The Trump DOJ has asserted another privilege to withhold information.
But this time, the protection effort deals with a July 2016 “talking points” memo prepared for then-Attorney General Loretta Lynch pertaining to her infamous meeting with President Clinton on a Phoenix tarmac. The D.C. District Court ruled that the deliberative-process privilege, a subset of the global and non-specific executive privilege, precludes its production. Am. Ctr. for Law & Justice v. U.S. Dep’t of Justice, 2019 WL 2744684 (D.D.C. June 30, 2019). You may read the decision here.
Remember the on-again, off-again FBI investigation into Secretary Clinton’s use of a private email account? On June 27, 2016, while the investigation was ongoing, AG Lynch and President Clinton held an impromptu discussion on a Phoenix tarmac, a meeting that a CBS reporter called “shocking, absolutely shocking,” and that Lynch said she “certainly wouldn’t do again.”
On July 5, 2016, FBI Director Jim Comey held an unusual press conference recommending that the DOJ not prosecute Secretary Clinton for her private email usage. On July 6, 2016, AG Lynch approved of that recommendation in a statement.
Talking Points Memo
Following Lynch’s decision, DOJ staffers prepared a three-page talking-points memo, titled “Top Line TPs (Final),” for Lynch’s use in responding to press inquiries. The memo specifically discussed Lynch’s response to reporters’ questions about her decision to accept the FBI’s recommendation and her pre-decision tarmac meeting with President Clinton.
The American Center for Law and Justice sent DOJ a FOIA request for records related to the Lynch–Clinton tarmac meeting. The records request encompassed the talking-points memo, but DOJ asserted the deliberative-process privilege to prevent its disclosure. You may recall that the State Department won a similar privilege assertion to a Clinton-email-related FOIA request, and if not you may read my report and analysis about it here.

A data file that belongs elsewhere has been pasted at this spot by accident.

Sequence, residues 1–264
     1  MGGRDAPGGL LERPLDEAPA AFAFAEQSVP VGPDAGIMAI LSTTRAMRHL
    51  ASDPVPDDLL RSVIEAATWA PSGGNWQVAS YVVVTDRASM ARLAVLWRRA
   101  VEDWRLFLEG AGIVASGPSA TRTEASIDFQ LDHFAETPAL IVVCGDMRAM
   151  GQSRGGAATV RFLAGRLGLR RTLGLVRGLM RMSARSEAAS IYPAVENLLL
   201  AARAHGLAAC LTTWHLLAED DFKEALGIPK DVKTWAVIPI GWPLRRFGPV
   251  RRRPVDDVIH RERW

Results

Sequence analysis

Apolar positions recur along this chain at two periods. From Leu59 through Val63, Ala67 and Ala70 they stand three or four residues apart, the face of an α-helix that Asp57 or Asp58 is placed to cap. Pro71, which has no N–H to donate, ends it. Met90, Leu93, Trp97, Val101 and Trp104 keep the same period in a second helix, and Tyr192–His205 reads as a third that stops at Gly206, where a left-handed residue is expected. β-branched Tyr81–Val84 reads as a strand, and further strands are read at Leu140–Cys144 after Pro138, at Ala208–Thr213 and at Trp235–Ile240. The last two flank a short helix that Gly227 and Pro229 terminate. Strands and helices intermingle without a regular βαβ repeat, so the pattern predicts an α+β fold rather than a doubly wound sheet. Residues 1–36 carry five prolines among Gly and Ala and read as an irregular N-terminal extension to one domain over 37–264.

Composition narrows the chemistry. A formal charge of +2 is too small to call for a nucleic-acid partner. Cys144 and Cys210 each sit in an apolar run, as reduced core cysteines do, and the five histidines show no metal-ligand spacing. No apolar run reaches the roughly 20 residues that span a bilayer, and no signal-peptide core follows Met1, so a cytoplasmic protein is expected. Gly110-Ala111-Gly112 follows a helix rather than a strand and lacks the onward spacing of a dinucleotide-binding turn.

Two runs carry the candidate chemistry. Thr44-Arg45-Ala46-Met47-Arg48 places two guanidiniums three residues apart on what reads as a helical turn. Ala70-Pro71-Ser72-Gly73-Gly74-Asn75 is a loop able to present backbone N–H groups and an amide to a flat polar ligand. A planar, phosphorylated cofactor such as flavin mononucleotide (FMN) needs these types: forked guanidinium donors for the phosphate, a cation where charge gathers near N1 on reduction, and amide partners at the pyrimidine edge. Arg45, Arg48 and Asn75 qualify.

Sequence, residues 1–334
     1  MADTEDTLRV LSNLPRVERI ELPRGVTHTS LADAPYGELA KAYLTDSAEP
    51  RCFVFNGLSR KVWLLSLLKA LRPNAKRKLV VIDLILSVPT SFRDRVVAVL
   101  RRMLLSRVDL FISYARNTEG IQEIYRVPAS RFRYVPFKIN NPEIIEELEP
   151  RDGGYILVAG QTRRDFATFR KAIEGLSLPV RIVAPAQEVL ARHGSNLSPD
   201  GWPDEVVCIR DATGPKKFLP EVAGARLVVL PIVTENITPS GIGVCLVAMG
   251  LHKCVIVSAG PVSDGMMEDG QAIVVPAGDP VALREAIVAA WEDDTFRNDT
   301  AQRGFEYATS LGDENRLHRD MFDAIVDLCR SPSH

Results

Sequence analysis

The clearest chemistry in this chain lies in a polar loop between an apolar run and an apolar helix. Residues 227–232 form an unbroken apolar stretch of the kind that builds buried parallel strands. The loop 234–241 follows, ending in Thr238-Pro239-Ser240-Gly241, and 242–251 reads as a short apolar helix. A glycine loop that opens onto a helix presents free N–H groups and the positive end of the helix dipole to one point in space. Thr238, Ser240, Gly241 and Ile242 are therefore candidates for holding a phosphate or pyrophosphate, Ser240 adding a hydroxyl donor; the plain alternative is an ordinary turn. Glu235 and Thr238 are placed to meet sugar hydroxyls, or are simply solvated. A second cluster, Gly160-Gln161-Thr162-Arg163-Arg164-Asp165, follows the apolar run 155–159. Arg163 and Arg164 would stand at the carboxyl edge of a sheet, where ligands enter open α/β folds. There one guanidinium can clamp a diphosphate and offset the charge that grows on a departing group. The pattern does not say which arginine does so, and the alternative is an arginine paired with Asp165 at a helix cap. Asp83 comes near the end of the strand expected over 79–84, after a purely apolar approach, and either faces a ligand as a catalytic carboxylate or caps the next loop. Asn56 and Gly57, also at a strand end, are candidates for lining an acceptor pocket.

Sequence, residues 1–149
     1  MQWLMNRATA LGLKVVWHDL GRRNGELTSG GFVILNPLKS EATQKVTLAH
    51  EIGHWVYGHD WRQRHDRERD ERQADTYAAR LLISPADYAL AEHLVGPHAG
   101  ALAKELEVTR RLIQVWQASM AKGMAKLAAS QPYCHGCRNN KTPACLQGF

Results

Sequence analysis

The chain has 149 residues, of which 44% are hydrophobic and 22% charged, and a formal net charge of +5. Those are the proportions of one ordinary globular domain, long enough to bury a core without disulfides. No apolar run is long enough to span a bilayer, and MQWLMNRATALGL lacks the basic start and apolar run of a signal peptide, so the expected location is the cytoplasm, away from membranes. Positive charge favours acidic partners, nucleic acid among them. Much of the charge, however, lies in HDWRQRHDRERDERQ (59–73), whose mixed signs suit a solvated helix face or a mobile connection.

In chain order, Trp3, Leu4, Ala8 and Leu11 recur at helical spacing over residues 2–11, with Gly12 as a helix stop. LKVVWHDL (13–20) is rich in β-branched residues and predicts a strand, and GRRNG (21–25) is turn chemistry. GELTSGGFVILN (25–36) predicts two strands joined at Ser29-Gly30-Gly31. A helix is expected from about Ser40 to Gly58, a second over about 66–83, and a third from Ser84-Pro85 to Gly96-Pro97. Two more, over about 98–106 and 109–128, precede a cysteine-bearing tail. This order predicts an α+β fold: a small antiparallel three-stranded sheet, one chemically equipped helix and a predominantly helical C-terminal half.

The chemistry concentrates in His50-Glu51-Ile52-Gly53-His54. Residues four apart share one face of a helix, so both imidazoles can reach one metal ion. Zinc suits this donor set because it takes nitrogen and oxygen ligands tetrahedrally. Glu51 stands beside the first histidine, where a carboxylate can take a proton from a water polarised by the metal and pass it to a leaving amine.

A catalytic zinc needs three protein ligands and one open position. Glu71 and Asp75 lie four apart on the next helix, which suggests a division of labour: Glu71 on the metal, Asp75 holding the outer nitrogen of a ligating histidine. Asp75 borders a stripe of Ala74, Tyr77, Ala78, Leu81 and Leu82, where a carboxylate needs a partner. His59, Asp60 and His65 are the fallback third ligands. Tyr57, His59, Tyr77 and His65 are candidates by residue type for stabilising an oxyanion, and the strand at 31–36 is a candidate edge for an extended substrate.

The deliberative-process privilege protects from disclosure an executive agency’s documents that contain predecisional and deliberative information. A document is “predecisional” when agency staff generate it before and leading to an agency’s final decision. A document is deliberative if it reflects the give-and-take between advisors. The privilege does not cover final agency decisions.
The Court, based on a DOJ lawyer’s declaration (available here), found that the talking-points memo was predecisional and deliberative. The memo amounted to DOJ subordinates’ recommendations on how to respond to press inquiries. The memo was not a “final decision”—even though it included “FINAL” in the title—because the talking points were “proposed” responses to certain press inquiries, including Lynch’s tarmac interaction with President Clinton.
The final decision—what is discoverable—was what Lynch “actually said to the public and media.”
Did Lynch follow the talking points? Absent a successful appeal, we will never know.